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57 CHAPTER 3 REVIEW OF PUBLISHED LITERATURE AND POTENTIAL RESEARCH NEEDS As mentioned previously in section 1.4, Research Method- Volume II--Project Documentation, FHWA-EP-03-055; ology, more than 900 of the most relevant annotated cita- and tions from the 2,500-plus documents incorporated into the Volume III--Availability and Documentation of Pub- research database were reviewed, and nearly 300 full docu- lished Information for Synthesis of Regional or National ments were obtained. During the review process, citations Highway-Runoff Quality Data, FHWA-EP-03-056. were categorized according to the following broad research areas: Evaluation of Stormwater Control Facilities and Pro- Volume I is a compilation of "expert chapters" designed grams, Watershed-Based Approaches, Highway Runoff Char- to address different technical issues for monitoring highway acterization and Assessment, and Receiving Waters Impact runoff and urban stormwater. Volume II provides an over- Assessment. After a brief review of some of the major syn- view of the bibliographic database design, the project, the theses of highway runoff/urban stormwater quality research, catalog of available information, the efforts to evaluate avail- each of these subsections and subcategories are discussed. able information, the project quality-assurance and quality- Instead of including a discussion of every document in the control (QA/QC) program, and the directory structure and review, only a selected subset of the most comprehensive files on a CD-ROM accompanying the volume. Volume III documents (i.e., results either were included in the abstract, is a report describing the NDAMS reportreview process and or the full document was acquired successfully, or both) have summarizes and interprets the results of the metadata review been summarized. Nonetheless, all of the categorized docu- process. As a product of this synthesis, a bibliography of ments were considered in identifying potential research gaps more than 2,600 relevant references with more than 1,300 and needs. selected abstracts (or previa--an abstract written by some- one other than then author) and 252 reviewed and classified references were compiled and are available as an online 3.1. BRIEF REVIEW OF RECENT MAJOR searchable database (http://ma.water.usgs.gov/FHWA/biblio/ SYNTHESES OF HIGHWAY RUNOFF/URBAN STORMWATER default.htm). QUALITY RESEARCH NDAMS noted that FHWA, USGS, the Environmental Protection Agency (EPA), and many state highway depart- Several researchers have attempted to compile and sum- ments and universities have sponsored or conducted research marize highway runoff/urban stormwater quality research and on the nature and impacts of highway runoff on water qual- data, including BMP evaluation studies and performance ity, but a centrally available composite of these data was still data. A few of the most notable efforts are described below. lacking, and the existing data present conflicting information. Existing data and studies from FHWA, USGS, state depart- ments of transportation (DOTs), and other sources were com- 3.1.1. National Highway Runoff Water-Quality Data and Methodology Synthesis piled and evaluated to determine whether the information needs of highway managers, practitioners, and researchers are The National Highway Runoff Data and Methodology Syn- being met and whether this information will meet future needs. thesis (NDAMS) is an effort by the U.S. Geological Survey The primary goal of the effort was to determine whether the (USGS) and FHWA to compile and readily make available quality of highway runoff and processes contributing to highway runoff research and guidance information. Three water quality constituents in highway runoff could be char- volumes were published recently (July 2003) as a result of acterized adequately nationwide, based on published informa- the NDAMS: tion. FHWA sought to check the validity of the existing data and procedures to assess and predict pollutant loadings and Volume I--Technical Issues for Monitoring Highway impacts from highway stormwater runoff as a first step toward Runoff and Urban Stormwater, FHWA-EP-03-054; indicating whether current guidelines for highway runoff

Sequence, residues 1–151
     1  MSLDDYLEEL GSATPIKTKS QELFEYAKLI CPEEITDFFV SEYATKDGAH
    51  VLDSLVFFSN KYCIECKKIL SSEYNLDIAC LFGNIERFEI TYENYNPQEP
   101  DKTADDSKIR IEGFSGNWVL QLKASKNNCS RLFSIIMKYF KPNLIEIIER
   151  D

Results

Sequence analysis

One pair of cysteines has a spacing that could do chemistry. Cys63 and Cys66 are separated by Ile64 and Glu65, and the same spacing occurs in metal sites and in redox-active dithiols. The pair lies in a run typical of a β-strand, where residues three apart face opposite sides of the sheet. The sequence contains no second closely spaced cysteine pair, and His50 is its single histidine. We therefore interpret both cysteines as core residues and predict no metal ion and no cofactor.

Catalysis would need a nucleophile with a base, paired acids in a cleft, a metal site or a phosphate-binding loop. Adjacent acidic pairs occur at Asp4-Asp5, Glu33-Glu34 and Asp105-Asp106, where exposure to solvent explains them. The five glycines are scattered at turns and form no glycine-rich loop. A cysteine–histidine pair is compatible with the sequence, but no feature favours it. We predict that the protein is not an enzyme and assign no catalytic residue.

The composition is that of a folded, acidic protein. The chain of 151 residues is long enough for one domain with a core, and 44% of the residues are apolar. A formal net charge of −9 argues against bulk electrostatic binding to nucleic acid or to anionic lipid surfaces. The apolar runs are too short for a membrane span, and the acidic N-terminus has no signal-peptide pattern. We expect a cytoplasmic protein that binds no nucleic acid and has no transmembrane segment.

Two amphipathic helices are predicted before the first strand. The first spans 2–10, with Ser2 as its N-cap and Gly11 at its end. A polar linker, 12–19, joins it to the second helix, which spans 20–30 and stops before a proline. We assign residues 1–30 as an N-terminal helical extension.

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58 quality are up-to-date and technically supportable. FHWA records present in various tables within the database. Note wanted a catalog of existing studies and available data as well that some of the sites in the database include multiple BMPs as indications of the robustness of the data, the sufficiency of (e.g., filters and detention), and therefore the total number of the data to characterize pollutant loadings and impacts from sites is less than the total number of BMPs. highway and urban stormwater runoff, and the changes in A summary of data stored in design tables and associated atmospheric deposition around the country since the mid- flow and water quality records is provided in Table 3-2. The 1980s. To this end, and to assess the suitability of available event monitoring summary information provided in Table 3-2 data to validate runoff quality models developed by FHWA, does not include grab samples or flow measurements and pre- a catalog of available data and investigations was developed. cipitation data that are not associated with measured or cal- culated event mean concentrations. As demonstrated in Table 3.1.2. International Stormwater BMP Database 3-2, retention ponds are the best-populated BMP category in the current database. At the other extreme, some BMPs have Probably the most widely recognized resource on BMP only a single site (e.g., infiltration trenches) in the database. effectiveness data is the award-winning International Storm- A summary of the geographical distribution of BMPs is water Best Management Practices (BMPs) Database at http:// provided in Table 3-3. Based on analyses of the data stored www.bmpdatabase.org/. The database was known formerly as in the BMP database, the database team has come to the fol- the National ASCE/EPA Stormwater BMP database (the name lowing conclusions with regard to evaluating BMP perfor- of the database was changed to recognize and acknowledge mance (Strecker et al., 2000): data contributors outside of the United States). This database provides access to BMP performance data in a standardized Substantially more data are needed for many BMP format for roughly 200 BMP studies conducted over the past types to be able to explore meaningfully design versus 15 years. This database is intended to provide a consistent, performance. scientifically defensible set of data on BMP designs and related Removal percentages are not very useful for character- performance. The database team has made an extensive effort izing performance, unless looked at much more care- to assess the quality of the data entered for consistency and fully (e.g., with treatability information). As a result, accuracy. However, in compiling such a large set of data, and BMP performance requirements generally should not be because of limits on resources for data QA/QC, the developers specified in terms of percent removal. acknowledge that some data may contain errors. Effluent quality among BMPs of the same type is much The database may be searched on or downloaded from the more consistent then percent removal and is thought to website and also is available on CD-ROM. The database was be a better way of characterizing efficiency; although, at developed by ASCE's Urban Water Resources Research an individual site, it is important to test whether the BMP Council under a cooperative agreement with EPA. In 2003, had a statistically significant effect on water quality. new structural BMP storm event and analysis tables were As effluent quality is fairly consistent, some BMP types added to the data search page. These tables allow for may have been mischaracterized as less effective because parameter-specific searches on all structural BMPs analyzed of cleaner influent. For example, BMPs that rely on set- by the project team. tling as a primary removal mechanism cannot have high A summary of the number of data records currently resid- percent removals where suspended solids concentra- ing in the BMP database is shown in Table 3-1. The database tions are low in the influent. The influent data in the dry- is relational in design, and Table 3-1 describes the number of extended detention ponds in the database are relatively TABLE 3-1 Summary of records found in ASCE/EPA BMP Database (as of August 2002) Category Records in Database General Test Site Information 158 Sites Sponsoring and Testing Agencies 60 Agencies Watershed Information 167 Watersheds Nonstructural BMPs Information 28 BMPs Structural BMPs Information 170 BMPs Monitoring Stations 557 Monitoring Stations Precipitation Data 3,396 Precipitation Events Flow Events Monitored 6,563 Flow Events Monitored Water Quality Sampling Event Data 8,588 Water Quality Events Monitored Water Quality Laboratory Analyses 122,265 Analyses Conducted